Seattle's Convention Center is taking a close look at expanding, perhaps at a different location. It might complicate the coming legislative session if it puts its hand in the state trough of money for tourism-related taxes. Also crowding around the trough are the Huskies, King County arts, Seattle Center, KeyArena, low-income housing, Puget Sound cleanup, and more. And the Convention Center might topple some other interesting transportation dominoes.
The Convention Center, properly known as the Washington State Trade & Convention Center, doubled in size in 2001 to its present 205,000 square feet. Center President John Christison says that he thinks it could add another 200,000 to 300,000 square feet to meet demand. He notes that Portland's facility has 350,000 square feet, and Vancouver will open a new facility in conjunction with the 2010 Olympics, also at 350,000 square feet. Denver, San Francisco, and San Diego have much larger meeting facilities.
Christison says a firm is currently doing an economic feasibility analysis, and if that looks good, the Center's architectural firm, LMN, will look at configurations and design. The goal is to have a proposal ready for the 2009 session of the Legislature, when other interests are jockeying for the hotel-motel taxes that primarily fund the Center and other stadium-related taxes as they expire and become available for other supplicants. The issue of these taxes grew heated in the controversy over saving the Sonics at KeyArena, after which Speaker Frank Chopp appointed a committee to weigh the many requests. These taxes are among the few that are available in the coming session, when hard times will argue against any tax increases.
"Business is good," reports Christison of the Center. It has some real advantages. The hotels are right close by, and it's located in the retail core of the city, while other facilities such as Portland's are off center and remote from the big hotels. Apparently rising airfares haven't hurt the business yet, and the Center has been able to fill in some slow months with local business. But it's an awkward facility, perched six to seven stories above the street so it can span the I-5 freeway uphill. One goal of the expansion is to have enough room so that conventions can run concurrently; now there are several days lost while one closes down and another moves in.
But where to expand? The present site is hemmed in by the freeway and other tall buildings that have grown up around it. Christison says there are three possible sites, each a stand-alone site several blocks away. One would be on the central waterfront, a spectacular site but one probably tied up for more years of uncertainty over the Viaduct. Another is Seattle Center, presumably replacing Memorial Stadium on the east edge, but this site lacks hotel and restaurant infrastructure. The third site, "which has the most allure," is the Convention Place Metro Transit bus station alongside the freeway and only a block north of the Convention Center. This site is owned by King County, which might lease the air rights for an expanded Center. People have tried for years to figure what to do with this site, where buses entire the Downtown Transit Tunnel.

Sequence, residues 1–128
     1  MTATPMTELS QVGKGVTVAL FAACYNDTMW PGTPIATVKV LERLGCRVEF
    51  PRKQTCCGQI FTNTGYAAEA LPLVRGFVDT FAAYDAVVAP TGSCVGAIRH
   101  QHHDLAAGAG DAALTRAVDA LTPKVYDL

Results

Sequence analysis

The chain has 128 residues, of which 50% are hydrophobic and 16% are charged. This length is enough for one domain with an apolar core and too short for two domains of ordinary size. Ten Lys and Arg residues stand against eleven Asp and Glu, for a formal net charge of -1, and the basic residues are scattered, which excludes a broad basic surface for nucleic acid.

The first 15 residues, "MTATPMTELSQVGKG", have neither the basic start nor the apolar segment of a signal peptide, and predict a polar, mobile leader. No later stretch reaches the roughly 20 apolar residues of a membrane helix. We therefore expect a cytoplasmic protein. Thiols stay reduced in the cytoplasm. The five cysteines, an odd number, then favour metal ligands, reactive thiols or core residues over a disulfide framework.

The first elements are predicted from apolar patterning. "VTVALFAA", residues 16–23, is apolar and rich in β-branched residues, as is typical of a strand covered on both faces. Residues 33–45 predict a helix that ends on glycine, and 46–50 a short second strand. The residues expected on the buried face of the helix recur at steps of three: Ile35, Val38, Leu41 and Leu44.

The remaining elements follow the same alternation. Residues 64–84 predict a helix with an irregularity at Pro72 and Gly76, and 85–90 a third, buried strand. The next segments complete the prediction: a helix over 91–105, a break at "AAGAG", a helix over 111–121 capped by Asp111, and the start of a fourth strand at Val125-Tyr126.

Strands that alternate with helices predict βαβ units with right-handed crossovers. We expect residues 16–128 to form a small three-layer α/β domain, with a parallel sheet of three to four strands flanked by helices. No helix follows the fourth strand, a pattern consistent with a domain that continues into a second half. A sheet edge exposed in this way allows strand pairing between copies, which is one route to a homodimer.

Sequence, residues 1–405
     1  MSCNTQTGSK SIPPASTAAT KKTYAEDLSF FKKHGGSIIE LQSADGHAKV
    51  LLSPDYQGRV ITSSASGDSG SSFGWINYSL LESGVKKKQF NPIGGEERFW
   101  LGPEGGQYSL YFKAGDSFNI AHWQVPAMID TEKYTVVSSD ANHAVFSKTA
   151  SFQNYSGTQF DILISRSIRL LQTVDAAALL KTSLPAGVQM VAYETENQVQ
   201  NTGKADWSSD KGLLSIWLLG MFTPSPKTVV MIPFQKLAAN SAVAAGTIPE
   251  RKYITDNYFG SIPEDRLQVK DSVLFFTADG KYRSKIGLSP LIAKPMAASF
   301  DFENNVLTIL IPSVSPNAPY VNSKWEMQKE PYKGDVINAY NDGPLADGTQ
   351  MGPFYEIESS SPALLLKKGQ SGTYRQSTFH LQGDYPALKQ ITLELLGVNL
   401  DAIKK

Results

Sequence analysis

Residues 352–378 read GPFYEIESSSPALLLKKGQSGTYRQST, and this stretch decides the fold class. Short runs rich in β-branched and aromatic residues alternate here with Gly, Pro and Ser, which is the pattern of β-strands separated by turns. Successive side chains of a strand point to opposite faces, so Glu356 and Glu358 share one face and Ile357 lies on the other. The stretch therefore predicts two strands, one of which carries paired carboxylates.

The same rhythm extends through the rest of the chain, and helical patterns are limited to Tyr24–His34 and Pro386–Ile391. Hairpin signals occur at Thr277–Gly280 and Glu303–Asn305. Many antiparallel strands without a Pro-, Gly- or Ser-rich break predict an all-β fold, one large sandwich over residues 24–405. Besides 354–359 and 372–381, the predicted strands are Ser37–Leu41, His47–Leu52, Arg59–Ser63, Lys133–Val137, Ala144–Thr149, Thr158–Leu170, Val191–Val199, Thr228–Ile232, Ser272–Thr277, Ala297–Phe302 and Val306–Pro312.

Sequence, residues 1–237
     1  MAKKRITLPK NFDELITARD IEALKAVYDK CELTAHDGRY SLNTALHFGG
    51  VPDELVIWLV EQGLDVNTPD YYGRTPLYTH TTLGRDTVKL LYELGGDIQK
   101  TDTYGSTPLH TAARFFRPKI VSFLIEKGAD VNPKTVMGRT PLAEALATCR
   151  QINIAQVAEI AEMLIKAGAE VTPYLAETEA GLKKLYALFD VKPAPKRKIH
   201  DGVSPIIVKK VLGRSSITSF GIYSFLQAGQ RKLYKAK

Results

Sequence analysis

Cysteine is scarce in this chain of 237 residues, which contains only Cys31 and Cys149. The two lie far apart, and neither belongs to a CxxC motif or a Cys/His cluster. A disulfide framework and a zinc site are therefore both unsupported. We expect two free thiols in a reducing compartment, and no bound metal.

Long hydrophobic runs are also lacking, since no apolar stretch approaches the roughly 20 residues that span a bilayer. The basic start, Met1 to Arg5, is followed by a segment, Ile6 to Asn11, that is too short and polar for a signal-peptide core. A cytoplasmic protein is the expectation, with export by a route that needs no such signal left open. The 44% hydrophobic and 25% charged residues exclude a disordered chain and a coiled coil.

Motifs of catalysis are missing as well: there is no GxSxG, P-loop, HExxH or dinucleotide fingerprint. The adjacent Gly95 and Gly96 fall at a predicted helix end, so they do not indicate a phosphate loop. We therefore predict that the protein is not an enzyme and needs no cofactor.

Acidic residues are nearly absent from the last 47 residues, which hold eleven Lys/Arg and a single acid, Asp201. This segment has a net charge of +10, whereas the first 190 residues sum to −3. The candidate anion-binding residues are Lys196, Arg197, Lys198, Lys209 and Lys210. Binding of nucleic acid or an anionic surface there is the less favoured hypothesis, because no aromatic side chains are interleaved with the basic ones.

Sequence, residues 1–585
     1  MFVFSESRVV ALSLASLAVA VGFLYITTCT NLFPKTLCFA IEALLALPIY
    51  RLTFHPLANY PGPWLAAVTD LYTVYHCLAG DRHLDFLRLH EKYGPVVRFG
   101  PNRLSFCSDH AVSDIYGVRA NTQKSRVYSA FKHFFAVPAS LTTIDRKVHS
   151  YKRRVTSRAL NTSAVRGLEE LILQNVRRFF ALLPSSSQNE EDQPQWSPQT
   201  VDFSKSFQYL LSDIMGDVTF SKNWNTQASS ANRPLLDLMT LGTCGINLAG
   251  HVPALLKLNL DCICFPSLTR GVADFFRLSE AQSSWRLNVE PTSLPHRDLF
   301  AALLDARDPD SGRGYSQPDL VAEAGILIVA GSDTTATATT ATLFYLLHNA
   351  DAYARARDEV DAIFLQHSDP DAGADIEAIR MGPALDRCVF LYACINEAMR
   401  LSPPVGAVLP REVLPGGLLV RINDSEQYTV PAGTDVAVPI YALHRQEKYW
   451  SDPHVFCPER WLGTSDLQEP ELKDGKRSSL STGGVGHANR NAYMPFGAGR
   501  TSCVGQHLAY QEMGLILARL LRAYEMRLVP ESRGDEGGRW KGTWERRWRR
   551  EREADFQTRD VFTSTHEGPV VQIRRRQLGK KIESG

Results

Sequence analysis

One possibility definitely off the table is to build over the freeway, partly for reasons of expense, but mostly because the Center has become a bottleneck for I-5. If anything, there might be pressure to carve out more lanes under the Center, easing the narrowing. Other options are to convert some off ramps to through lanes, or to tunnel under I-5, adding lanes. All this, in turn, is related to the puzzle of the Alaskan Way Viaduct. If the "surface solution" prevails, dumping some of the Viaduct traffic onto I-5 and downtown streets, that could increase the demand for more lanes under the Center.
Might that even call for scrapping the existing Center and building a new one on another site? One King County source says he's heard just such a proposal, but Christison scoffs at the suggestion. Cary Moon, founder of the People's Waterfront Coalition, a chief advocate for the surface solution for the Viaduct, says she has not heard anyone advocate a removal of the Center, adding that all the current plans for I-5 simply reconfigure some off ramps and restripe other lanes to get more capacity.
And speaking of bottlenecks, what about Freeway Park, which spans the freeway just south of the Convention Center? One indication of the way the state Department of Transportation is keeping its options open in that area is its adamant resistance to an attempt to turn Freeway Park into a city landmark, filed two years ago and stymied by the state's resistance to locking up state property. Seattle is negotiating lots of issues with WSDOT, including the Highway 520 bridge and the Viaduct, so Freeway Park may turn out to be a bargaining chip in any future settlement.